Are you interested in making a career switch into a new job or industry? Have you been out of the workforce for an extended amount of time and are ready to go back? Retired, but still have so much to offer the next generation career hopefuls?
Whether you're actively searching or just daydreaming, I know the thought of starting something new or changing your career can be scary and feel a bit overwhelming. In fact, according to American Institute of Stress, of the 43 most stressful life events that one can experience, "changing careers" is #18!
However, one of the best ways to lessen the stress of potentially jumping into the unknown is to try out your new career direction before jumping all in. Think about it. You'd never buy a car, choose a school, pick a home, or even purchase a lipstick without trying it out first to make sure it's good match for you. Well as a midlife career professional seeking a change, this should be no different. One of the best ways to do that is through an internship, returnship or apprenticeship.
Most people think internships are reserved for students and young graduates weighing their job options, and that's true. However, the option is available for anyone wanting to explore their options.
The reason these type of "work programs" are so effective is because they provide a great way for you to gain exposure and visibility, while allowing you to learn the in's and out's of a particular job role or organizational culture. So why not take advantage of this opportunity as a mid-career professional?
Since 2016 adult internships have been on the rise because they've been equally effective for adults seeking to reenter the workforce or make a career pivot without leaving their current employer. Remember the movies The Intern and The Internship?
In The Intern, bored with retirement, Robert DeNiro's character becomes an intern to not only up level his technological skills, but to serve as a business mentor to the young CEO played by Ann Hathaway, providing her with insight on how to manage her staff. While there was a quite a bit of resistance (after all it is a movie), in the end they both saw the value in DeNiro's presence with the company and to it's bottom line.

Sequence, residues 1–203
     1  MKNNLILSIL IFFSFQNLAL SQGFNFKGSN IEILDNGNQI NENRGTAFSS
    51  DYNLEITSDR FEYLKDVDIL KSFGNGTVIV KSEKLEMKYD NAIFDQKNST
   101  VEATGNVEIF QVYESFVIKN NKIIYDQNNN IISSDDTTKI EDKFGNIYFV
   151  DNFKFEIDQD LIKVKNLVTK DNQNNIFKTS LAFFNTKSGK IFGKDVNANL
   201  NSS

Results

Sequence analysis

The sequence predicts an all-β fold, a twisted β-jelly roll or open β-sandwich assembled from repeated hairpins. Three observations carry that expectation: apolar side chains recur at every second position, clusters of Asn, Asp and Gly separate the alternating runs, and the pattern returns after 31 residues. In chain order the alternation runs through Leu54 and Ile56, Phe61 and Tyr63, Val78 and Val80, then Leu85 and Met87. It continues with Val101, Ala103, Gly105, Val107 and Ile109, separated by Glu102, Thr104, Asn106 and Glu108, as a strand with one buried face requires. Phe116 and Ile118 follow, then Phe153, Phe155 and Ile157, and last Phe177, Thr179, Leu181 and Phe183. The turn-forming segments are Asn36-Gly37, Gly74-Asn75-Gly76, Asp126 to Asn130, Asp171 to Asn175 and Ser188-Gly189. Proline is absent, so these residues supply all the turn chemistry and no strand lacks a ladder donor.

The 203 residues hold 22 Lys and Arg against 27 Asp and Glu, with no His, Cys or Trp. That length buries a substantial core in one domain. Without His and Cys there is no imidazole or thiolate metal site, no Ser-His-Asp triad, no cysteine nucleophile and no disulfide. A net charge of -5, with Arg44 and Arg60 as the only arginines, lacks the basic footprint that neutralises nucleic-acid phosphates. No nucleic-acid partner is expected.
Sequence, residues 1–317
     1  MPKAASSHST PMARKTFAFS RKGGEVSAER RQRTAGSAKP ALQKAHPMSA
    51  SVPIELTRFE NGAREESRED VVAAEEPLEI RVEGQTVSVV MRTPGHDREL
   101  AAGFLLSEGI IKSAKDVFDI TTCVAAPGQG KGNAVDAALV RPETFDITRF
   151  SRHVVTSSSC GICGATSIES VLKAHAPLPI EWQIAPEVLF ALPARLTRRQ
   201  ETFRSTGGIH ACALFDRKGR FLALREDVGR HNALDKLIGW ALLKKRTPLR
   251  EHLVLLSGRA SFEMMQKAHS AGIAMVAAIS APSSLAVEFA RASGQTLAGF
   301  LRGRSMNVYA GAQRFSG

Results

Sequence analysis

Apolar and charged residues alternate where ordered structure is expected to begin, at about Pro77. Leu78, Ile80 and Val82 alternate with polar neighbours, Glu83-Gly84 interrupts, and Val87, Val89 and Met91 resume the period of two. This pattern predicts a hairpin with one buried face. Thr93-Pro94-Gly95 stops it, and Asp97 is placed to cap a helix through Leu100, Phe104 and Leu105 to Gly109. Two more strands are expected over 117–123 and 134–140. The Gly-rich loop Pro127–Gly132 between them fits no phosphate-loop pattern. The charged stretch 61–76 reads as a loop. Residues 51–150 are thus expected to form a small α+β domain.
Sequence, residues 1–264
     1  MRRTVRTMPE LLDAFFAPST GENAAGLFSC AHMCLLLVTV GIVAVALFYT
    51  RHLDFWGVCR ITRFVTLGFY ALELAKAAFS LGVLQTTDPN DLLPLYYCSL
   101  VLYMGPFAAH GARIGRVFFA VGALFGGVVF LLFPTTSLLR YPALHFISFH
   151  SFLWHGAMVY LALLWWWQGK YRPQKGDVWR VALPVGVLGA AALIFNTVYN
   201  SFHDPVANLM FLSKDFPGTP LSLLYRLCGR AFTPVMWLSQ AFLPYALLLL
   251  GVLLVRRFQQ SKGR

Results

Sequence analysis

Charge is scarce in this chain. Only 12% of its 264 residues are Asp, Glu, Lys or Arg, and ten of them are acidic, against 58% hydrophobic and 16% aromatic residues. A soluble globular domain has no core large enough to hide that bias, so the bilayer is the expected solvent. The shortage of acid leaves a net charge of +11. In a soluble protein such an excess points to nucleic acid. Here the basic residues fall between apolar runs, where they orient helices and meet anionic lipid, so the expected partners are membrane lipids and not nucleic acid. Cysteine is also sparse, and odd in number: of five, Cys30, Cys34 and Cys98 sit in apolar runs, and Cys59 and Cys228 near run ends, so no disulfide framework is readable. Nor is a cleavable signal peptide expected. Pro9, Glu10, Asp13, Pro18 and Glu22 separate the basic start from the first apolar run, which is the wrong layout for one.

The Internship takes a look at midlife career professionals needing to make a shift in their career because their industry is becoming obsolete. However, the movie does a great job at showing how certain skill sets never become outdated, which gives a nod to why you never want to disregard all of your vast knowledge, experience and training. It's simply a matter of learning new approaches and application for what you already know.
While these two movies may not exactly be similar to your personal situation, you get the idea.
I did an internship years ago when I first considered leaving the law. I interned for a small family law practice for a few hours in morning three days a week and sometimes at the end of the day to determine if I wanted to leave the law or simply change fields. make that change. It was the best thing I could have done because through that work I realized it would have been the worse possible career move for me!
It's common to think that all you need to do is make a slight shift of focus, when sometimes what you need to do is make a complete career change. An adult internship will help you figure that out.
There are many ways you can seek out internship opportunities, but networking within your current connections is the best place to start. You can also attend conferences or events related to your industry of interest.
There are also places like Path Forward, an organization dedicated to helping caregivers return to the workplace. In fact. they've partnered with organizations like Oracle, NBCUniversal, Walmart and Verizon to provide things like a 16-week paid internship that can lead to full-time employment. This provides a great opportunity for skills training, experience and mentorship.
If you're currently employed, you can also take on a non-paying internship. This will allow you to gain the same opportunities and benefits without needing to worry about the pay.
The landscape of the workplace is changing and more and more employers are getting comfortable with nonlinear professional career paths. With that in mind, if you're interested in a particular company, organization or industry and you don't see any internships listed, no worries, do like I did and create one through networking. Just be specific about the training you want and how your presence will be a benefit them instead of being a distraction.
Regardless of what you decide keep one things in mind: the same rules of workplace etiquette apply to internships as they do to full-time employment.
What do you think? Is it time to try out an internship or apprenticeship? I can help you map a plan for success. Contact me today and let's find an opportunity best suited for you.
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